#1 Finding the Text-to-Image Balance
As it becomes increasingly easy to create your own images with tools like Photoshop and Illustrator, the tendency to format email newsletters as a whole image is appealing and less costly than employing a professional designer. It allows for elaborate backgrounds, fonts, and pictures to be incorporated in the message while ensuring everything looks exactly the way you put it together, no matter the browser, the email client or the device. However, what many companies drafting email campaigns don’t realize is that these splashy, image-based emails pose a greater disservice to them than producing a less elaborate email with more text.
A 2009 report from CampaignMonitor.com found that only 48% of images in marketing emails are automatically loaded without the recipient having to tweak their email client settings or respond to a “click here to download images” prompt. This means that only a portion of each email being sent is actually seen; and if the email you are sending out is comprised solely of images, recipients could be viewing a blank slate. Depending on the email client the recipient is using, they may not even know you sent them a message, as most email clients send image-ridden messages that aren’t already on a safe list directly to junk mail by default.
Does this mean that email messages must be boring blocks of text? Of course not. You still want readers to pay attention to what you have to say, and images are an integral part of that. The key is to create email messages that communicate all necessary information even if the images do not load, or – in other words – create messages with a text-to-image balance.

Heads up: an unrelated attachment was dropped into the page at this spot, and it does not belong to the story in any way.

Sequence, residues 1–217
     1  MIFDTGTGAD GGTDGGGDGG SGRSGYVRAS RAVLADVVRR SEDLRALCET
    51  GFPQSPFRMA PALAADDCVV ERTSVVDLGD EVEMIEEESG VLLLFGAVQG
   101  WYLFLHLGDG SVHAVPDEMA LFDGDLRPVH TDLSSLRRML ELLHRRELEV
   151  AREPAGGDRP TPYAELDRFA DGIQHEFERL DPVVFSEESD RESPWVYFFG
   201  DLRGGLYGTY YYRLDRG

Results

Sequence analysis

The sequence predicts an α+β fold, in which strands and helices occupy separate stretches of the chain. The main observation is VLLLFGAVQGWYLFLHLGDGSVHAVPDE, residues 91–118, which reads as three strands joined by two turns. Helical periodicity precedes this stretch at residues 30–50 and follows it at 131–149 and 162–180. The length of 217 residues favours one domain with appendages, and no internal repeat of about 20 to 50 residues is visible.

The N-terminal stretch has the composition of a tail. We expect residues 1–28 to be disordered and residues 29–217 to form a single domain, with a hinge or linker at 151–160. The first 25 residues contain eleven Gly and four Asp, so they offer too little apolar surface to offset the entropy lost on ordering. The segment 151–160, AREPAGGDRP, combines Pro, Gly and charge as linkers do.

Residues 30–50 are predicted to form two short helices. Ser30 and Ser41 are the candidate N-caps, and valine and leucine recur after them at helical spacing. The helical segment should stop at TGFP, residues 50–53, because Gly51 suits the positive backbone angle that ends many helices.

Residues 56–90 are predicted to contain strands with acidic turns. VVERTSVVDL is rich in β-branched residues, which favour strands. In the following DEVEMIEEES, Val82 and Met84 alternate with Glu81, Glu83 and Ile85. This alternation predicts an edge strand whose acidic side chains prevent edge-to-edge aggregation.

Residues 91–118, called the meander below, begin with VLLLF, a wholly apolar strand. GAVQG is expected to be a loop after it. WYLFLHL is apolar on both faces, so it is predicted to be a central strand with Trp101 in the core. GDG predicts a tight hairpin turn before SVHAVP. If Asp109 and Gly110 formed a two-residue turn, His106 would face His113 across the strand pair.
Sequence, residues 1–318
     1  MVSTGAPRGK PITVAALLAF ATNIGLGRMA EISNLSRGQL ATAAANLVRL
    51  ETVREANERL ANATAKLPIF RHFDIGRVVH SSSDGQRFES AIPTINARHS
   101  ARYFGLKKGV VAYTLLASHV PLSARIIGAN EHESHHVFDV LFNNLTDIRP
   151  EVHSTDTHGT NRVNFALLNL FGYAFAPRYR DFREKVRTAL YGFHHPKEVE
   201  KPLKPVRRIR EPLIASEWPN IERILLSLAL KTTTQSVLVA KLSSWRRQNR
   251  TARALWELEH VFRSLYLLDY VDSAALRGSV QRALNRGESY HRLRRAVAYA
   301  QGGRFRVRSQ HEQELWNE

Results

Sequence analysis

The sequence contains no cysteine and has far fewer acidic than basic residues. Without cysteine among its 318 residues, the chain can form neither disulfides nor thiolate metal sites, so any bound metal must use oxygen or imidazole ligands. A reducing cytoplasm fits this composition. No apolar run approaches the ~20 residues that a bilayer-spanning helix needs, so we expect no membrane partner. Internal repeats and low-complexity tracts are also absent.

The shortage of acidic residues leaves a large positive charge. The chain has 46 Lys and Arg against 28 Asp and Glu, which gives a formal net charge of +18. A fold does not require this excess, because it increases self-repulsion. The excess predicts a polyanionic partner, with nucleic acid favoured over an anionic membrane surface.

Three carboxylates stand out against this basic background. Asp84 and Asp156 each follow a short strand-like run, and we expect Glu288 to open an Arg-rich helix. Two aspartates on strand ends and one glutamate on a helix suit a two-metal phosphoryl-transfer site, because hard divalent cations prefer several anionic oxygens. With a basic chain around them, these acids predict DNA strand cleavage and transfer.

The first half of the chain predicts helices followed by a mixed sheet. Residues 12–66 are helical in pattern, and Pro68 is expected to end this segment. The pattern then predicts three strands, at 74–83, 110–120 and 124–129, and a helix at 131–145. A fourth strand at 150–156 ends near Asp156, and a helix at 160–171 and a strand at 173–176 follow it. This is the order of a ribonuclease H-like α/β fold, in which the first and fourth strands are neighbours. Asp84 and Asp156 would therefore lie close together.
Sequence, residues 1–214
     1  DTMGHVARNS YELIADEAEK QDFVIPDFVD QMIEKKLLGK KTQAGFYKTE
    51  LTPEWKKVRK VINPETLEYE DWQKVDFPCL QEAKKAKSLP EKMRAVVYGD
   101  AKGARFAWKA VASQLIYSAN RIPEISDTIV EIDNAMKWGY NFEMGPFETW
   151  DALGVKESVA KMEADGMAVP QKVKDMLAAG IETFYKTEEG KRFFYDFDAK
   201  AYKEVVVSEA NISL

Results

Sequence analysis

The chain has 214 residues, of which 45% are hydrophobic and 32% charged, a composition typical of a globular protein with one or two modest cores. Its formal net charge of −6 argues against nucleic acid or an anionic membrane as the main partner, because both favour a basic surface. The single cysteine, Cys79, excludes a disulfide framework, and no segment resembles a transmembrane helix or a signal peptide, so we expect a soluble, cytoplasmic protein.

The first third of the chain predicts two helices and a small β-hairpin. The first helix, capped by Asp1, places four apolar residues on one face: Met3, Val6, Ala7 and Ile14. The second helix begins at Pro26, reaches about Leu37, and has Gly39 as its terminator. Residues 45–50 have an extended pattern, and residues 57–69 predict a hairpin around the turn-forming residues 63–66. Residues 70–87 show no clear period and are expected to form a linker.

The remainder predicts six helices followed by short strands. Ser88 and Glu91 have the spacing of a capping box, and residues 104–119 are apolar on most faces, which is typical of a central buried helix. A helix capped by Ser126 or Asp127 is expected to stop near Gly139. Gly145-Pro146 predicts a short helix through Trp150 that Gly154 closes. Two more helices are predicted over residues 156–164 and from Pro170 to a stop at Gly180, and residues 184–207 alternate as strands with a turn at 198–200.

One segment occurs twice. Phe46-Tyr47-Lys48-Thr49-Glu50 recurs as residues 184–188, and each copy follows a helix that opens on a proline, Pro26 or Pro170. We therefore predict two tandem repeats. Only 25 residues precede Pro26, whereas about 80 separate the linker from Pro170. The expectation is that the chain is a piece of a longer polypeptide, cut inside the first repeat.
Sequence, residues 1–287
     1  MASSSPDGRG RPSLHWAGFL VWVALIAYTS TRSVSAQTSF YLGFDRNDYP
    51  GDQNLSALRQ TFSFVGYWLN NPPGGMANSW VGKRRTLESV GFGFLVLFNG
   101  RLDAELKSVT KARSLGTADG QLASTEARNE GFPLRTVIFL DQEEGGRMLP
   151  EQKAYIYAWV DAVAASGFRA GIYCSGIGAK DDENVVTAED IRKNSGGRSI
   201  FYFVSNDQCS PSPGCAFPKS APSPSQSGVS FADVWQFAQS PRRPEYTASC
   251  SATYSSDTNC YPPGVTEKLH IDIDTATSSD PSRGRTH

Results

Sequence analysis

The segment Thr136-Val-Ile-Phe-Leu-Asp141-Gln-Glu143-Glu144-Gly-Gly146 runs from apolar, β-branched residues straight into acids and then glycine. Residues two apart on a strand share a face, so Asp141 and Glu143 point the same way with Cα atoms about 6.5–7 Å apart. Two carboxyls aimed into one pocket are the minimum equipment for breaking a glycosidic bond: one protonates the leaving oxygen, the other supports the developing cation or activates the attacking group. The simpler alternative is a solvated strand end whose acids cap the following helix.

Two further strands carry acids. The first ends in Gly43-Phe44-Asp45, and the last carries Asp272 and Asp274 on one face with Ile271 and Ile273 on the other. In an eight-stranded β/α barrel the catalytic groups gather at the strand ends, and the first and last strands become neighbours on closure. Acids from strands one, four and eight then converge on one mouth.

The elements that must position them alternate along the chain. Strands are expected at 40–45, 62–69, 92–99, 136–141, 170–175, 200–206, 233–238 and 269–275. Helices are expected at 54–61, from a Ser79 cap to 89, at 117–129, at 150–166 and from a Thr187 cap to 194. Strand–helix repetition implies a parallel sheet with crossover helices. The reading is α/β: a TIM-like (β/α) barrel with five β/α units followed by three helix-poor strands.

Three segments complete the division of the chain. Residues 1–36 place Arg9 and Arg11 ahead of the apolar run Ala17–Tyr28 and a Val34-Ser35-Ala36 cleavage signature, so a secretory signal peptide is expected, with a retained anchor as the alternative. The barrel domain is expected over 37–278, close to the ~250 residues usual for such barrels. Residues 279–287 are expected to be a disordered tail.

There should always be text present in an email to relay the pertinent information. Images in the message should be complementary, wherein they provide added value to the information already available via text – they should never be the entire focus or hold the bulk of the information in case they are never seen. However, this does not tackle the issue that when images are not allowed to be shown, the email is displayed in HTML format in which case a large, blank space with the image file name scribbled in the corner is all the recipient sees.
To supplement the vacant space, some of the most important bit of text you can place in your email is ALT-text – literally meaning alternative text. When emails are shown in HTML format, whatever copy has been used as ALT-text is displayed in place of the generic image file name within the empty space left behind from the image. ALT-text contributes to the text-to-image balance by showing something to the email client rather than giving it an image it can’t read, helping the message to potentially bypass the spam filters and land in the inbox so that it can be seen by the recipient.
Once the recipient opens the message, they still will likely see the message in HTML format until they tell the email client that the message is from a safe sender – naturally, the recipient has to actually want to add your company and future emails to a safe list. The presence of ALT-text where images should be essentially lets the recipient to read the image, allowing them to decide things like whether or not they want to download the images, whether they want to click through to your site, and whether they want to add you to their email safe list – the easiest way to bypass spam filters altogether.